Effects of soaking summer to be studied

NFU Scotland is urging its members to take five minutes to help build a detailed picture of the effects of summer 2013’s weather on the nation’s farms. The information will be used to consider ways of helping farm businesses cope with increasingly unpredictable and volatile weather systems and market conditions.

The brief survey, which can be completed online at www.nfus.org.uk, or a copy requested by telephoning 0131 472 4000, will gather information on how the weather has affected farms this year. Among the questions being asked they are seeking to quantify how much unharvested crops remain, how much winter crops have not been planted, the effects on fodder stocks, how much earlier stock has been housed this year and the expected impact on cashflow and the need for extra credit facilities.

NFUS is also asking members what measures would help them most, such as – in the short term – access to credit or a cross-compliance amnesty; in the medium term, support for drainage or, in the long term, support for collaborative grain drying or storage. NFUS will use the survey results in its discussions with banks in order to press the case for considerate lending practices and also with the Scottish Government as it adjusts the priorities of the existing SRDP as well as its successor, which is in the early stages of construction.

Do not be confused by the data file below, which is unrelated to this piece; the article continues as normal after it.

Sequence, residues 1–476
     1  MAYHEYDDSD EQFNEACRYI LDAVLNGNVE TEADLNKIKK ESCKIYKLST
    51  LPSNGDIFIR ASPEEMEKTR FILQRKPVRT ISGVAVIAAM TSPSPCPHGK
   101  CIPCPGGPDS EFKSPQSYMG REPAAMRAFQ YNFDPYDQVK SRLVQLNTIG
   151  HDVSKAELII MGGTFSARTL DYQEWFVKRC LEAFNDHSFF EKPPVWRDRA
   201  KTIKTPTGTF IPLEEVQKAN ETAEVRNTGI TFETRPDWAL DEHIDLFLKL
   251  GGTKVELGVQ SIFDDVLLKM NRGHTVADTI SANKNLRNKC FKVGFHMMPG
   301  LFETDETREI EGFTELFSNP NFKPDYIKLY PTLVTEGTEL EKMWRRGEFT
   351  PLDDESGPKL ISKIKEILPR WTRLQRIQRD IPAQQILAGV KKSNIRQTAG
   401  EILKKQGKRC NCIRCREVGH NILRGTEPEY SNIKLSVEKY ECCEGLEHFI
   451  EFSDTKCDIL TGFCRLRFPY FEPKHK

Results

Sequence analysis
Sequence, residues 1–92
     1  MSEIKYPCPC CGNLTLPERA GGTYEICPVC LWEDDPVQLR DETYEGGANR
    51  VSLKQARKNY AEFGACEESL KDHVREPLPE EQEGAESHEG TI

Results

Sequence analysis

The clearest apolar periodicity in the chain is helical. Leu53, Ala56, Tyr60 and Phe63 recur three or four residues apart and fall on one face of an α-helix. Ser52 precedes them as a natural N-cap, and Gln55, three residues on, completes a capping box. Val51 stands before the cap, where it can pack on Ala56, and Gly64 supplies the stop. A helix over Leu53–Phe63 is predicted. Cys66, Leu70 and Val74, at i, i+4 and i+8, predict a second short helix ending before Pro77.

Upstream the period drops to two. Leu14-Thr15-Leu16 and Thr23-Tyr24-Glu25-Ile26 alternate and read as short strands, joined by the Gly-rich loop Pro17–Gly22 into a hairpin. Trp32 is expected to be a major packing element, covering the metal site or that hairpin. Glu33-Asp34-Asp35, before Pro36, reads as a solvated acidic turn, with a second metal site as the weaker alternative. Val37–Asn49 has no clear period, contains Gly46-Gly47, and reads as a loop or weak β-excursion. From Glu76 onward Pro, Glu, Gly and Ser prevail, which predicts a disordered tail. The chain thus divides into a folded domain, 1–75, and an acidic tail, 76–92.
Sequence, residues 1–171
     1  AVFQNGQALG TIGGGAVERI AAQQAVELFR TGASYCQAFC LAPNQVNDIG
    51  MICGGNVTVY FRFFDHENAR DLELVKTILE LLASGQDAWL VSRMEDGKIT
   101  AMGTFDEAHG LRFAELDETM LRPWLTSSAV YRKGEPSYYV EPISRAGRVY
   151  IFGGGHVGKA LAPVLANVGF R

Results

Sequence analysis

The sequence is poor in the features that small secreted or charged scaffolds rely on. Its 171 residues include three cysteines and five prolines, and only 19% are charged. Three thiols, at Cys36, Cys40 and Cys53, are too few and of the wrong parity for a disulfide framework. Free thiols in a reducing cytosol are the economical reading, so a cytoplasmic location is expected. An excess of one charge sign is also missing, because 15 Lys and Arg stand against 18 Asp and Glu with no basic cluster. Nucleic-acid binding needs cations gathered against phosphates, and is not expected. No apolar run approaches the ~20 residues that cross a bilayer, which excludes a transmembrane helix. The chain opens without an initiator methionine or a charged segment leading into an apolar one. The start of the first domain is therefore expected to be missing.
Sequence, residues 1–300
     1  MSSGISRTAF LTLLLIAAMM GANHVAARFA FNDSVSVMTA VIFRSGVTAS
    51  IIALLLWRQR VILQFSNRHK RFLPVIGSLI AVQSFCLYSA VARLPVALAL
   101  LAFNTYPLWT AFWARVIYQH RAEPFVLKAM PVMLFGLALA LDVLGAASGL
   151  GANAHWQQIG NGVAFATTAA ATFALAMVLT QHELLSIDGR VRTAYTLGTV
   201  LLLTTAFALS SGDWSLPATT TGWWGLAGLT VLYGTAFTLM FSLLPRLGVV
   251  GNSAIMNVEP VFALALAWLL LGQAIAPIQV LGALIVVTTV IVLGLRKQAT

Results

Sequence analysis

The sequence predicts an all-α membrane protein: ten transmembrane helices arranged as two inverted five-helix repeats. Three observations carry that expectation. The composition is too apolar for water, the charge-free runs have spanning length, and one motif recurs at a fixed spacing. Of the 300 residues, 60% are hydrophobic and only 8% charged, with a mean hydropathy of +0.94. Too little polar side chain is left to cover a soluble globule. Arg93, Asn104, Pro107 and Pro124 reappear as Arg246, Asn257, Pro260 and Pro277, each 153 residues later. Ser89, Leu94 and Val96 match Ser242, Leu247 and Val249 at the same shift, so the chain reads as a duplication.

Launching the survey, NFUS president, Nigel Miller said: “Recent months have left scars on the land and broken the projected budgets of many farms. No farm enterprise has escaped the extreme weather or market volatility. While the overall picture of great difficulty for Scottish agriculture is clear and we can anticipate many of the problems that are occurring on our members’ farms, if we are to take any kind of focused remedial action, we must measure the most acute pressure points.

“It’s hard to be objective about climate change and what moves the jetstream but it does appear that we have moved into an era of higher rainfall over much of Scotland. The world seems to be an even more turbulent place shocked by extreme climate events and rapid moves in commodity prices. That is matched by swings in value, quality and yields, which are hard to manage through contracts, forward-selling or futures markets.

“Our survey will help pinpoint where intervention is needed to bridge businesses into a new season and explore options on how our farm businesses can build a higher level of resilience into their operations.